The Canterbury Tales: The Second Nun's Tale
How we cite our quotes:
Valerian, corrected as God wolde,
Answerde agayn, 'If I shal trusten thee,
Lat me that aungel se, and hym biholde,
And if that it a verray aungel bee,
Thanne wol I doon as thou hast prayed me.
And if thou love another man, forsothe
Right with this swerd thanne wol I sle yow bothe.'
(162 – 168)
Unable to see the angel Cecilia talks about, Valerian doubts the truth of her statement, suspecting she may be engaged in some deception. What's interesting, though, is that the tale is quick to fulfill Valerian's request for visual proof rather than to portray him as a "doubting Thomas."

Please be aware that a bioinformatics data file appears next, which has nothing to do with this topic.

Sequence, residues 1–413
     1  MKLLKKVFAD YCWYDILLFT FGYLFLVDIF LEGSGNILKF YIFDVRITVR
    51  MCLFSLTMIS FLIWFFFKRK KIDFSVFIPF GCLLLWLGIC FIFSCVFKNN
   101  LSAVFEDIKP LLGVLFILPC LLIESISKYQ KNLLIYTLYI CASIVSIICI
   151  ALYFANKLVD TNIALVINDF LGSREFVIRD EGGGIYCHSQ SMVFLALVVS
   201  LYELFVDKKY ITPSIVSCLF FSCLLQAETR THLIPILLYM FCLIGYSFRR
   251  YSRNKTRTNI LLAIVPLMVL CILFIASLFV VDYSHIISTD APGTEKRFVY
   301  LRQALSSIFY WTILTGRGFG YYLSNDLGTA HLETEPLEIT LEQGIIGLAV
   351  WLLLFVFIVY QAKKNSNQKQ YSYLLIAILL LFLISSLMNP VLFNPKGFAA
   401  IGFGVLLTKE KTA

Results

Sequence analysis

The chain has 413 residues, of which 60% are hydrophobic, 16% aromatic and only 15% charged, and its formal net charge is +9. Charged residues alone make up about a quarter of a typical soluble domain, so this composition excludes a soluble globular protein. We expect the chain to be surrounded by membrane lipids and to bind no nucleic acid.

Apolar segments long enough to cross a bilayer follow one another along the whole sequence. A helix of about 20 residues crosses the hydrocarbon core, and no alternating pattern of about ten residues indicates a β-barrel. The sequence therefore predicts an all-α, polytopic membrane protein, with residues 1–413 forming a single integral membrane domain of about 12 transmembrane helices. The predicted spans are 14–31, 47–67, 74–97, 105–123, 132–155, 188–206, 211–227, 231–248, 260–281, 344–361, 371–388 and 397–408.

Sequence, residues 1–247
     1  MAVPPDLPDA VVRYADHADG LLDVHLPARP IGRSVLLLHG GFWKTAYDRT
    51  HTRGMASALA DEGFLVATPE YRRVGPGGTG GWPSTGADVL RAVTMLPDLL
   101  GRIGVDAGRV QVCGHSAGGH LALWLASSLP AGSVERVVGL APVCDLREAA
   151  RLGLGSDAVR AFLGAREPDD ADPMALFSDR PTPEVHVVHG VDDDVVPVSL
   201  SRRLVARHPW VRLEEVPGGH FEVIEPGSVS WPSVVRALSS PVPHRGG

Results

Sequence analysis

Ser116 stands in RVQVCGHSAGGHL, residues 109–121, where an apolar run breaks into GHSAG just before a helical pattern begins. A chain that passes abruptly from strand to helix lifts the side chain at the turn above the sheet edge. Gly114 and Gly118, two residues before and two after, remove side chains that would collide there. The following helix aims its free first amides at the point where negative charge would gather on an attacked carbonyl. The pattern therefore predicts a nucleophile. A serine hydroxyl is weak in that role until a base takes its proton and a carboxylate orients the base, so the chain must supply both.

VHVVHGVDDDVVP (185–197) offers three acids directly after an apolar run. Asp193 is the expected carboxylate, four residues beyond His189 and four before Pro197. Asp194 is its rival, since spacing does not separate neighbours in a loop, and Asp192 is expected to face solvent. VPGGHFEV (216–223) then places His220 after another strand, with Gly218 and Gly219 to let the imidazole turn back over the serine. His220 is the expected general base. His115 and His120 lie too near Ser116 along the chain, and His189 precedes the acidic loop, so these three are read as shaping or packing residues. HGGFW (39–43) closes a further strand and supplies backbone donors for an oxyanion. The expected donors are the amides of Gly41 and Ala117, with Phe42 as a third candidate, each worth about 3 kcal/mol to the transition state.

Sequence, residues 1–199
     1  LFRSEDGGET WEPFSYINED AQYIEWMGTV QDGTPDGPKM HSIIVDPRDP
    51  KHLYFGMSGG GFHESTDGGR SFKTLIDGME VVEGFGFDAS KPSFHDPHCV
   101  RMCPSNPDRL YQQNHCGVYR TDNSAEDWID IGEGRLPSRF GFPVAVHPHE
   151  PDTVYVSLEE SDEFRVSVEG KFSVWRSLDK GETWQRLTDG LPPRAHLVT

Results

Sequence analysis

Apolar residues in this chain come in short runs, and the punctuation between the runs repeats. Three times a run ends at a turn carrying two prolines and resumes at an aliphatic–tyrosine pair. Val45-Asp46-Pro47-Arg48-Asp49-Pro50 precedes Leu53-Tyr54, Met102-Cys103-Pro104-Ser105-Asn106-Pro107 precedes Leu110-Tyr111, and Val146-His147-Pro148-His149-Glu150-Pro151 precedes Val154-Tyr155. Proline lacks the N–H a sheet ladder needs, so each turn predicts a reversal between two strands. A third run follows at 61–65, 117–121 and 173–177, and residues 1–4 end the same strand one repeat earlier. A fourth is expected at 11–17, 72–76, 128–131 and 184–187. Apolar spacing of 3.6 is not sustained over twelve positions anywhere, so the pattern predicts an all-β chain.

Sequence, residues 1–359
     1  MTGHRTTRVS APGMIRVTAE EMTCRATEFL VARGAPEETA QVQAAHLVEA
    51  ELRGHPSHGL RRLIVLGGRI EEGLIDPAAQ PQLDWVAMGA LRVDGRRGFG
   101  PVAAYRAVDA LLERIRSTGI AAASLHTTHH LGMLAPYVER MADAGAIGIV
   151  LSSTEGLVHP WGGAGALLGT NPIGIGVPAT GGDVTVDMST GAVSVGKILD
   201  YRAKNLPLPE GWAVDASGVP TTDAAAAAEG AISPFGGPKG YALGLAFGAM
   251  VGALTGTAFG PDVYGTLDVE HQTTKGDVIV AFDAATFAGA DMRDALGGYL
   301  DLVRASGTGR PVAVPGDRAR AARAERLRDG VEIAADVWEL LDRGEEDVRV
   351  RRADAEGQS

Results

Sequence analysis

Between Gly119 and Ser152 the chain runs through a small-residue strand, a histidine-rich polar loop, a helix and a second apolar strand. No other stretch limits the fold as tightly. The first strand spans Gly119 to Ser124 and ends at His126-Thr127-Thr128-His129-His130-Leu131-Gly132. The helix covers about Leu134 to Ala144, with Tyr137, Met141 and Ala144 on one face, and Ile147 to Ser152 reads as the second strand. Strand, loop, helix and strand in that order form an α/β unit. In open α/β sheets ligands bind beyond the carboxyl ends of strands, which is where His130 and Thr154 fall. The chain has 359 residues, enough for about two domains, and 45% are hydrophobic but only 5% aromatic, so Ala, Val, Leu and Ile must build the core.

'I leeve al this thyng,' quod Valerian,
'For sother thyng than this, I dar wel say,
Under the hevene no wight thynke may.'
(213 – 215)
Valerian immediately recognizes the truth of the statement he has read from the holy book. In this tale, a character's ability to recognize Christianity's truth is a marker of the state of his soul. An unhealthy soul, the tale implies, will simply miss this truth.
'I pray yow that my brother may han grace
To knowe the trouthe, as I do in this place.'
(237 – 238)
In portraying grace as necessary for a soul to know the truth, this tale suggests that a soul may not come to truth without God's willing it. This raises the possibility that salvation may be predestined, or pre-determined by God, and that the individual human soul actually has no power over his own fate.